The VA pretty much sucks, but you already knew that


Before you begin reading this post: we understand that the VA is not all terrible. It’s an organization with good intentions but bad habits, to say the least. With that being said, there are plenty of people out there who have never had a single issue with any department within the VA.

Secondary disclaimer,  this entire article is based strictly on my experiences, and my experiences alone. Feel free to read this post, take away what you will and even add some of your own concerns, issues, complaints, and good stuff if you have it.

I’d like to make this post a conversation piece amongst fellow veterans. If you have ideas about making things better, or how you went about fixing anything in regards to the VA, then comment. Because, if we’re going to be disgruntled, let’s be it together while attempting to find a solution.


When I got out of the military back in 2014, I had left it with a lot of back issues—now before you start yelling, well you shouldn’t have gotten out or you should have been med-boarded if it were that bad, know that my choices were limited and the military, much like the VA wasn’t helping me any. Also, due to the military’s *cough-extensive-cough* medical investigation, I never knew how bad my back actually was.

Also, despite my months of physical therapy, chiropractic care, two bilateral nerve ablations, steroids, and too many drugs to mention, the military still thought I was perfectly capable of continuing my military duties.

Now, let’s fast forward past all the stuff everyone knows about getting your VA rating and all that—it happened, eventually, but still, this isn’t the moral of the story.

Since I received my rating in the summer, or maybe early fall of 2015, I have had nothing but issues from the VA. Unfortunately, the 17 things to follow have not been my only complaints with the VA, but it’s a pretty good start.

*Know, while that I’m listing them as a form of venting, I’d equally value your feedback if you’ve had the same issues or worse and how you went about getting the treatment you needed. What steps did you take, who’d you call, what VA facility are you being seen at, what type of answers did you receive to your complaints or are you still having issues?

Personal Issues with the VA

  1. The VA didn’t actually have my rating in the system, so I wasn’t getting free medical care for my issues like I was supposed to be (I didn’t know if you’re over 50% your VA can see you for anything and you won’t have to pay. For instance, my back is service connected, but I could go in for a cold and not pay a dime).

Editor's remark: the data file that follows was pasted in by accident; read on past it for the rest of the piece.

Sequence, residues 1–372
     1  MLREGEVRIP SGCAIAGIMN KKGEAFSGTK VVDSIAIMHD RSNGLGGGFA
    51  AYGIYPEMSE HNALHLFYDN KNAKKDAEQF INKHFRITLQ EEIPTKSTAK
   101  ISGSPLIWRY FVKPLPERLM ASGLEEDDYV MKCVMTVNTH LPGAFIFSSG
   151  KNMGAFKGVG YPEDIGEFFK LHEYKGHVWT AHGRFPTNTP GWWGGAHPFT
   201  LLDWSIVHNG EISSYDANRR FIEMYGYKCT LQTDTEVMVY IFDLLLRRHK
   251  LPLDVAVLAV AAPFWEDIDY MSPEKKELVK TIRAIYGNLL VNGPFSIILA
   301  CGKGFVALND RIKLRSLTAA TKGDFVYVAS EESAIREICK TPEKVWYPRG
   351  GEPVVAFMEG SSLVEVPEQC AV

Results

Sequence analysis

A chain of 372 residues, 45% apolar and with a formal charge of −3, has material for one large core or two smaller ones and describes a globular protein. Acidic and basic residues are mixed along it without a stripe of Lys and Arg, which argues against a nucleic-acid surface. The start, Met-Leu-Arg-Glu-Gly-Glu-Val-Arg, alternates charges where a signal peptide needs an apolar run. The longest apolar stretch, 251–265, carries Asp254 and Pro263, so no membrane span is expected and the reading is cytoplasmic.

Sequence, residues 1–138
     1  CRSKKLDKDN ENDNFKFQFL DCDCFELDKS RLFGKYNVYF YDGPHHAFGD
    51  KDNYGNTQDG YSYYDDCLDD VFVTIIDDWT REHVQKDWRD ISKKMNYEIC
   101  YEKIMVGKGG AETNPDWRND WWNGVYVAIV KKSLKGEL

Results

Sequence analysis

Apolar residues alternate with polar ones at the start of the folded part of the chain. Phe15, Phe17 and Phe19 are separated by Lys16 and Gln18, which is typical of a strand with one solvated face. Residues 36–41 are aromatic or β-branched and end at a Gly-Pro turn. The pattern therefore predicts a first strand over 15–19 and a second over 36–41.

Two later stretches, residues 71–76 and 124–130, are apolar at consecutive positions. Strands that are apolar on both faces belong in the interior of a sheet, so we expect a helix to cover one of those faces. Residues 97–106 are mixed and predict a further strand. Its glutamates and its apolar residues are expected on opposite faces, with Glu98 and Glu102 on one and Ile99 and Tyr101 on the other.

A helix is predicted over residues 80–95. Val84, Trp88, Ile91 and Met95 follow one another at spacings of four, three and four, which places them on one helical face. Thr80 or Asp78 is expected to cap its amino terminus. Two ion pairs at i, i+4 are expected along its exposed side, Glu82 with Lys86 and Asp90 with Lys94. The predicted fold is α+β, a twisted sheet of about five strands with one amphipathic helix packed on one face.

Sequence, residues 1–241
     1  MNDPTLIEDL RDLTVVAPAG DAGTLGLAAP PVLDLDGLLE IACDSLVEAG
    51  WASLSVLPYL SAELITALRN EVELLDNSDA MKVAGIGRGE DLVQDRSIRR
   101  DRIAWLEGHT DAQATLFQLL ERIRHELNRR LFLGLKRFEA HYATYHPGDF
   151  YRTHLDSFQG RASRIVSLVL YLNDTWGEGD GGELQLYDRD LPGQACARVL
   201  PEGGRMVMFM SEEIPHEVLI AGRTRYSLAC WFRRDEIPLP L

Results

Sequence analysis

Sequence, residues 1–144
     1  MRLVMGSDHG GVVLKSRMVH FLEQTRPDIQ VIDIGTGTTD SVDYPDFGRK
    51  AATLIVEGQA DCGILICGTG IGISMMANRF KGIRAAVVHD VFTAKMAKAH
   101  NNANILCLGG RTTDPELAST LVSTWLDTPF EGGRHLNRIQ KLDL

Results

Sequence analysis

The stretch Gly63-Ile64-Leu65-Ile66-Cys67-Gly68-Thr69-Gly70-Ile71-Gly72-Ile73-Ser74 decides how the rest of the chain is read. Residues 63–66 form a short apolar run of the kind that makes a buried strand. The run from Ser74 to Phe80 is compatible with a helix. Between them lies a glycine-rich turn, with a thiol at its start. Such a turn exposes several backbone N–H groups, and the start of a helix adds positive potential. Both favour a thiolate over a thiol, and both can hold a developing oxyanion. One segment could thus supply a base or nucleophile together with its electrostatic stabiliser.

2. The VA was charging me for my medications (again, if you’re over 50% you don’t have to pay for it, or if it’s for a service connected issue)
  3. I was not getting compensated for my appointments at the VA (if you’re over 50%, your travel should be paid for. You simply have to fill out a form; it doesn’t matter if you live less than 30 miles away).
  4. I was telling my doctor I didn’t want medication, I wanted a long-term fix, physical therapy, chiropractic care, etc. Anything that didn’t involve drugs—she wouldn’t listen and insisted on prescribing me medication I wasn’t taking, yet still paying for.

*This bothers me more because while I’ve asked not to be put on a bunch of meds to manage my pain when I really needed them, the Doctors wouldn’t give me anything—more on that later.

  1. I was told I couldn’t do physical therapy and chiropractic care at the same time—funny how I was receiving both forms of care through the military.
  2. When I went to my first non-VA Emergency Room, I was unable to file my visit because the office responsible for payout wasn’t returning my calls or responding to the official complaints I made. So, despite my eligibility and the nature of my ER visit being something I had a rating for and living over an hour away from the nearest VA ER, the VA claimed I had no rating and was not eligible for reimbursement (that entire process alone took over a year…how long for the rebuttal, no one knows).
  3. When I went to my first VA Emergency Room, my doctor told me I had acid reflux, then told me my back pain was too low for that to be the case, and still gave me their version of Maalox and sent me home with heartburn medication—I’ve never once experience heartburn and I can assure you the pain in my middle/lower back wasn’t that—back to that whole not listening to the veteran part.

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  1. The second time I went to a VA Emergency Room, I sat in the waiting room bent over in tears for several hours, while people with sprained ankles were being seen before me. When I was FINALLY called back, they put me in a chair, where I sat and stared at an empty bed across the hall, still crying and after reporting my pain level as a 9 out of 10—who knew hurry up and wait applied to emergency care too.